The PROSPER trial found that pravastatin given for 3 years reduced the risk of coronary disease in people aged 70–82 years with or at high risk of CVD, and had no significant effect on cognitive function or disability (Shepherd et al, 2002). A more recent meta-analysis, including data from 19569 participants with CHD aged between 65 and 85 years, estimated a relative risk reduction of 22% over 5 years. Statins reduced CHD mortality by 30%, non-fatal MI risk by 26%, need for revascularisation by 30% and risk of stroke by 25%. The number needed to treat to save one life was estimated at 28. Conclusions were that statins reduce all-cause mortality in older people with a substantially larger effect that previously estimated (Afilalo et al, 2008).
All people aged over 75 years should be assumed to be at increased risk of CVD – particularly if they have raised blood pressure or smoke – and are considered likely to benefit from statin therapy. However, the decision to initiate lipid modification therapy should be guided by informed individual preference, comorbidites, and the likely benefits and risks (NICE, 2008a). When initiating statin therapy for older people, dose adjustment is not generally necessary. Because this population has an increased risk of rhabdomyolysis, a reference CK level should be measured before starting treatment.
A number of statins are licensed for use in children aged 10 years and over for the treatment of primary hypercholesterolaemia (Electronic Medicines Compendium, 2010a; 2010b; 2010c; 2010d).
Statin therapy in pregnancy is contraindicated. Maternal treatment with a statin may reduce fetal levels of mevalonate, which is a precursor of biosynthesis. Because atherosclerosis is a chronic process, and discontinuation of lipid-lowering agents while trying to conceive and during pregnancy is likely to have little effect on long-term CV risk, the licence holders recommend that these drugs are not used in these circumstances (Electronic Medicines Compendium, 2010a; 2010b; 2010c; 2010d; 2010e).
In women with type 2 diabetes who may become pregnant, NICE does not recommend statins unless the issues have been discussed and agreed (NCCCC, 2008). NICE (2008b) guidance on the management of individuals with familial hyperlipidaemia recommends that women wishing to become pregnant should be advised to stop statins three months prior to attempting to conceive. Bile acid sequestrants can be used with caution, but may cause fat-soluble vitamin deficiency on prolonged use and may need supplementation.
Current management of dyslipidaemia in people with diabetes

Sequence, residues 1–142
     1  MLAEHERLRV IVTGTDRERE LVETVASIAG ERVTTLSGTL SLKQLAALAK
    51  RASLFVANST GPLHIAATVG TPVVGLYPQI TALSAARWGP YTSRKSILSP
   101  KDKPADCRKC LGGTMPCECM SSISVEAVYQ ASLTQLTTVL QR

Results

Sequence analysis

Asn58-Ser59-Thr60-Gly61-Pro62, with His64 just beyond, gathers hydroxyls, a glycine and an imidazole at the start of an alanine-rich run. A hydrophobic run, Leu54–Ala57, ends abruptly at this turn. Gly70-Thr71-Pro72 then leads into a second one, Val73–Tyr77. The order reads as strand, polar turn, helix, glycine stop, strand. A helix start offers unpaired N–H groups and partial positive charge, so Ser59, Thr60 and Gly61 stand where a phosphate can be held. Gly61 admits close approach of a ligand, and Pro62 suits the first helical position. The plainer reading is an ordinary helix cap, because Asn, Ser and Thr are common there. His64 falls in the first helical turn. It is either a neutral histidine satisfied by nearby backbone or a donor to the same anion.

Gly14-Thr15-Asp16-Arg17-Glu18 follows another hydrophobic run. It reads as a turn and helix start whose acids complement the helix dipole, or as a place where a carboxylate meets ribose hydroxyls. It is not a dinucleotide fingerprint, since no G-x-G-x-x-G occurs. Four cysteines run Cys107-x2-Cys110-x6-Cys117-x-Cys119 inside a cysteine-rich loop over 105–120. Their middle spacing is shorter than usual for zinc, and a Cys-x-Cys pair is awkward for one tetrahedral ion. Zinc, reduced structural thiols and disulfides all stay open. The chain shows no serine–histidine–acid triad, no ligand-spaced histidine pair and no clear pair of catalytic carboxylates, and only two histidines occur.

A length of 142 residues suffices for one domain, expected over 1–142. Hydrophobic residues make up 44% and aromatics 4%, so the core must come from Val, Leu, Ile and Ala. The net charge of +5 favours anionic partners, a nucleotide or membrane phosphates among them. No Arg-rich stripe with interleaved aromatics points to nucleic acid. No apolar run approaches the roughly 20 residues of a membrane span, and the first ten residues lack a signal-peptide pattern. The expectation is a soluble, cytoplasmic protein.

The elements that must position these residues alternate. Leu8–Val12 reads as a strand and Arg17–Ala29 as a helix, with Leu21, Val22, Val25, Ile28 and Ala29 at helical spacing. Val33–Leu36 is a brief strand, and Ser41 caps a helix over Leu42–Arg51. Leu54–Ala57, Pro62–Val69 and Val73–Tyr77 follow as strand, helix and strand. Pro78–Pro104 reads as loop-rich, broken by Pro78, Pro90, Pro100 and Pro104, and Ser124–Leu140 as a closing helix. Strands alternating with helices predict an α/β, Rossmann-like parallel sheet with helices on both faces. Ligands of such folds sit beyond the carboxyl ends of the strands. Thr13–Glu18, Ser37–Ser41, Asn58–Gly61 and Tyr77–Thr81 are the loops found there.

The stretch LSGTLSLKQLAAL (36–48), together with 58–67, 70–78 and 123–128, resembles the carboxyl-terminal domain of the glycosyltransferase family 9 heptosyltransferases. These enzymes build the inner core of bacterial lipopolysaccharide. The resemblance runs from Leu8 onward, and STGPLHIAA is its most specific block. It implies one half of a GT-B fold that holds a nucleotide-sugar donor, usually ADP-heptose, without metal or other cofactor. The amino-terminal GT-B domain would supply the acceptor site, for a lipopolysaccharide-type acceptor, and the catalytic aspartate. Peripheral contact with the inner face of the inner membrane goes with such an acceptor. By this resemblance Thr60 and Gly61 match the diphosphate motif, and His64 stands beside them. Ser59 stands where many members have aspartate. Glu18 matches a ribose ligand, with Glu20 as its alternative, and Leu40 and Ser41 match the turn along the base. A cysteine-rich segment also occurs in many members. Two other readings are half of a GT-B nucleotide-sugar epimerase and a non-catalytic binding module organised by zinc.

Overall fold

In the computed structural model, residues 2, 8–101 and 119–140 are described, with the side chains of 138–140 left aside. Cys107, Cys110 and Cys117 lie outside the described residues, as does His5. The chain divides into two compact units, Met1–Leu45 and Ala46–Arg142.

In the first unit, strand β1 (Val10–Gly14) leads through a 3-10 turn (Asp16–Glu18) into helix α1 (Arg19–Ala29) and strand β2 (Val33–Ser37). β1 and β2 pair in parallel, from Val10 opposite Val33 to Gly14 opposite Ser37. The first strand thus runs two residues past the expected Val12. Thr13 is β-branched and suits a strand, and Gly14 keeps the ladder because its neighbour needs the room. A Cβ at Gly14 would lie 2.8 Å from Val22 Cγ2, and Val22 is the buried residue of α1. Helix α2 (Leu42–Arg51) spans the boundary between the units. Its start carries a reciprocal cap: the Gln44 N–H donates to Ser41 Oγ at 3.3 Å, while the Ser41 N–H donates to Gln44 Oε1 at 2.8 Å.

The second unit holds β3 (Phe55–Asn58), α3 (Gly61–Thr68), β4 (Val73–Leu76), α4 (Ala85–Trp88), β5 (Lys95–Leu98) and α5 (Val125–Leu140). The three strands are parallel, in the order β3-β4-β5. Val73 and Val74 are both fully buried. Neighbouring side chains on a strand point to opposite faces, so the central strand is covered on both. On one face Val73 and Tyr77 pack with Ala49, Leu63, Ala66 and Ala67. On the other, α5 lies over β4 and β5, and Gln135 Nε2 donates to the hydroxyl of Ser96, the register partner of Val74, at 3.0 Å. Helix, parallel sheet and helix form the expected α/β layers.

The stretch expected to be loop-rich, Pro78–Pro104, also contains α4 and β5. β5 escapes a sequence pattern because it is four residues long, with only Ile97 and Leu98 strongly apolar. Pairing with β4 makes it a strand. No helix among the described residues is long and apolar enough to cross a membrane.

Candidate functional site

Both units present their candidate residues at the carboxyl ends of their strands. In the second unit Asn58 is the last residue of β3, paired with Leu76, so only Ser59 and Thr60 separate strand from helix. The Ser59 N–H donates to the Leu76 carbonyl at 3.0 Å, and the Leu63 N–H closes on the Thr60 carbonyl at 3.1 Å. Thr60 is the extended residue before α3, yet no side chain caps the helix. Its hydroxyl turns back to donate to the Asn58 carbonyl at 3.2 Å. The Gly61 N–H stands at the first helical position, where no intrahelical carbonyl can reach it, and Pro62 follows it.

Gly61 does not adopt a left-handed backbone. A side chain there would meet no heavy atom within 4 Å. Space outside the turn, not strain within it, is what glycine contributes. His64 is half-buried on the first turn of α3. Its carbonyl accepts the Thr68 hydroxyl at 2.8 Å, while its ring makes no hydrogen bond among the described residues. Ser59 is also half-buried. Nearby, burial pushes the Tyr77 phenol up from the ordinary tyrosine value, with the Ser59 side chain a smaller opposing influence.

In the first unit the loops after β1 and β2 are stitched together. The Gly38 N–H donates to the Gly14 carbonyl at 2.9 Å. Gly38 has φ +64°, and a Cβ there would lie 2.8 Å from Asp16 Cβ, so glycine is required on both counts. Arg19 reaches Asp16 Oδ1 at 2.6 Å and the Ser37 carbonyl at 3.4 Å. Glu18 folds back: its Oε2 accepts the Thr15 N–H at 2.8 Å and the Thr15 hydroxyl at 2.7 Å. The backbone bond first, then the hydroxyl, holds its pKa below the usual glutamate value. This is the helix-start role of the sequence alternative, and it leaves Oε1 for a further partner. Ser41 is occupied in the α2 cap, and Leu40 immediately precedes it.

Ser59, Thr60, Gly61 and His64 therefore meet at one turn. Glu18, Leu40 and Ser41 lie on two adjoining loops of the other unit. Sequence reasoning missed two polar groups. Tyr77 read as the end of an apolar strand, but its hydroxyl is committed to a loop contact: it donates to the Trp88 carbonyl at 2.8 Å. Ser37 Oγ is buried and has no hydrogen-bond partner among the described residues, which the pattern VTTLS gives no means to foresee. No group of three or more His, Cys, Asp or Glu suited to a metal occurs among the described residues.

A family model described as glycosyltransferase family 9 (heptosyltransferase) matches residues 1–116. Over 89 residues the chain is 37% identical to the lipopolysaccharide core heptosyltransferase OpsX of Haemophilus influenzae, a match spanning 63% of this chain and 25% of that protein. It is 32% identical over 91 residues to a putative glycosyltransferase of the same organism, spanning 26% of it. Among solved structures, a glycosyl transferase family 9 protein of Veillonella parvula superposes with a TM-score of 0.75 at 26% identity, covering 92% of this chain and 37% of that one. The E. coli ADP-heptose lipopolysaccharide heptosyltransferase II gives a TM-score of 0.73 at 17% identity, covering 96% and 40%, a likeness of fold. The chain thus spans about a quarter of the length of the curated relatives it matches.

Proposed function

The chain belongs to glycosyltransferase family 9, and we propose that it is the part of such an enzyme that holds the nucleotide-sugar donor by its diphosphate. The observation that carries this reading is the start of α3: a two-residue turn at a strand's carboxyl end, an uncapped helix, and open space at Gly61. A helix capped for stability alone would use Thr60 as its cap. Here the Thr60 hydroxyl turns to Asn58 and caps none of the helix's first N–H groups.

The National Diabetes Audit showed that between 2008 and 2009 in England, 78% of people with type 1 diabetes and 94% of people with type 2 diabetes had their cholesterol checked. The NICE target of <5 mmol/L was achieved by 56% of people with type 1 diabetes and 73% of people with type 2 diabetes. The tighter <4 mmol/L target introduced in 2008 was achieved in only 24% of people with type 1 diabetes and 37% of people with type 2 diabetes. The <5 mmol/L target was achieved less often in those under the age of 40, possibly due to this age being a common clinical threshold for preventative treatment with statins (NHS Information Centre, 2010). Table 3 details the current QOF indicators for lipid modification in people with diabetes.
Significant improvements have been made in lipid management in primary care. In people with type 2 diabetes, use of lipid-lowering drugs increased from 8% in 1997 to 85% in 2007, compared with 3–29% in matched individuals without diabetes (Figure 1). Between 2001 and 2007, people with type 2 diabetes treated with insulin experienced a mean reduction in total cholesterol of 1.4 mmol/L, from 5.6 to 4.2 mmol/L. This 25% relative improvement in total cholesterol was significantly greater than the relative improvements in HbA1c level (1% in people with type 1 diabetes), and systolic and diastolic blood pressure (5%), over the same time-frame (Currie et al, 2010).
Boxes 1 and 2 contain two case studies that highlight some of the practical issues encountered in the management of people with diabetes and dyslipidaemia.
To prevent CVD in people with diabetes, “total” CV risk management is required to maximise risk reduction, with the modification of lipids being one essential component.
Medication adherence is the key to achieving benefits from drug therapy for the prevention of CVD, and to gain maximum benefits individuals probably need to take the drugs at the recommended doses for the rest of their lives. However, Bandolier (2007) found that the majority of people prescribed statins had either stopped taking the drug altogether or were taking less than the recommended dose within 12 months, and women showed poorer adherence than men.
To improve adherence we need to ensure regular follow-up and good communication, simple drug regimens that are tailored to suit the individual, education about the condition and reasons for therapy, and the provision of dedicated CVD and diabetes clinics to monitor progress and improve motivation.